- Injunction in Rem: This is an injunction against a thing (property or asset, such as a ship) rather than against a person.
- Confidentiality Injunction or Gagging Order: Designed to prevent the disclosure or publication of confidential information, which could be commercially sensitive data, personal details, or even the existence of a court case (most commonly used in Cyprus).
Here is a detailed explanation of the process:
Preparation for an Ex-parte Interim Injunction:
- Grounds for Application: The applicant must prove a prima facie case, demonstrate that there is a serious question to be tried, that irreparable harm will be suffered if the injunction is not granted, and that the balance of convenience favors the grant of the injunction.
- Evidence: The applicant should gather all the evidence to support the application. This is typically done by submitting an affidavit detailing the reasons for the request. The affidavit is signed by the applicant or by a person who knows the facts in detail. It can also be signed by a member of our firm, should the applicant be unable to visit Cyprus in order to attend the court.
- Duty of Full Disclosure: When seeking an ex-parte injunction, there is a strict duty to disclose all material facts to the court. This includes any facts that might even be against the applicant’s case. Failure to do so could result in the injunction being set aside and potential penalties for the applicant.
Filing of the Application:
- The application is filed at the District Court where the defendant resides or where the registered office of a defendant company is.
- Given its urgent nature, a date for the hearing of the application is usually fixed immediately or within 2 to 3 days.
The Judge’s Decision:
- If the judge is convinced that there is an urgent need for the interim injunction to be issued, then the order is granted.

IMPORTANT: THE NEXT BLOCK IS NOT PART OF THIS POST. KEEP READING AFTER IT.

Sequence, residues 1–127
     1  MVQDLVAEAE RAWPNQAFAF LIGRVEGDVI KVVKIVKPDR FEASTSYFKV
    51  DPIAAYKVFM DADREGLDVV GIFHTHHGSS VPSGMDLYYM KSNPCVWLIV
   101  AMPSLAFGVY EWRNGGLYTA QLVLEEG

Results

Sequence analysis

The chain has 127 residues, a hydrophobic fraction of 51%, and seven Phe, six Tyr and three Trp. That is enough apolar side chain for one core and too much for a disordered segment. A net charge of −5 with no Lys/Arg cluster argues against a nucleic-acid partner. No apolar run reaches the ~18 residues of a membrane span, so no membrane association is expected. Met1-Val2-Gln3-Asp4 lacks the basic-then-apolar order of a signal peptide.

- The judge can grant the injunction as requested, modify it, or reject the application. The court may also set conditions for the grant of the injunction.
- The court, when granting the interim injunction, requires the applicant to provide a guarantee (a monetary one). This is to cover any damages the respondent might suffer if it is later determined that the injunction was wrongfully issued.
- The guarantee can be deposited with the court, usually in the form of a personal guarantee of the applicant, or a bank guarantee.
The Returnable Date:
- When the ex-parte interim injunction is granted, the court will set a returnable date. This is the date when the respondent has the right to appear and contest the injunction. It is usually set in 2-3 weeks from the day the order is issued.
- Prior to the returnable date, the applicant must serve the interim injunction order and all supporting documents to the respondent, in a language that the respondent understands.
Respondent’s Options on the Returnable Date:
- To Comply: The respondent can comply with the order.
- To Contest: The respondent can appear in court to request time to file its objection to the injunction. In that case the court will give 2-3 weeks for the respondent to submit their objection and will set the application for hearing; in the meantime, the injunction will remain valid.
Breach of Interim Injunction:
- If a party breaches the terms of the injunction, they can be held in contempt of court, which can result in fines or imprisonment.
At AGP Law we are proud of our teams of seasoned litigators and barristers proficient in the complexities of injunction proceedings across Cyprus, England, and Bermuda. Whether assessing the viability of seeking an injunction, preparing and filing necessary documentation, representing clients in ex-parte applications, defending against injunction motions, or ensuring post-grant compliance, our comprehensive expertise ensures strong legal support tailored to the specific requirements of each jurisdiction.
For all enquiries please contact our team of experts at firstname.lastname@example.org
The information provided by AGP Law | A.G. Paphitis & Co. LLC is for general informational purposes only and should not be construed as professional or formal legal advice. You should not act or refrain from acting based on any information provided above without obtaining legal or other professional advice.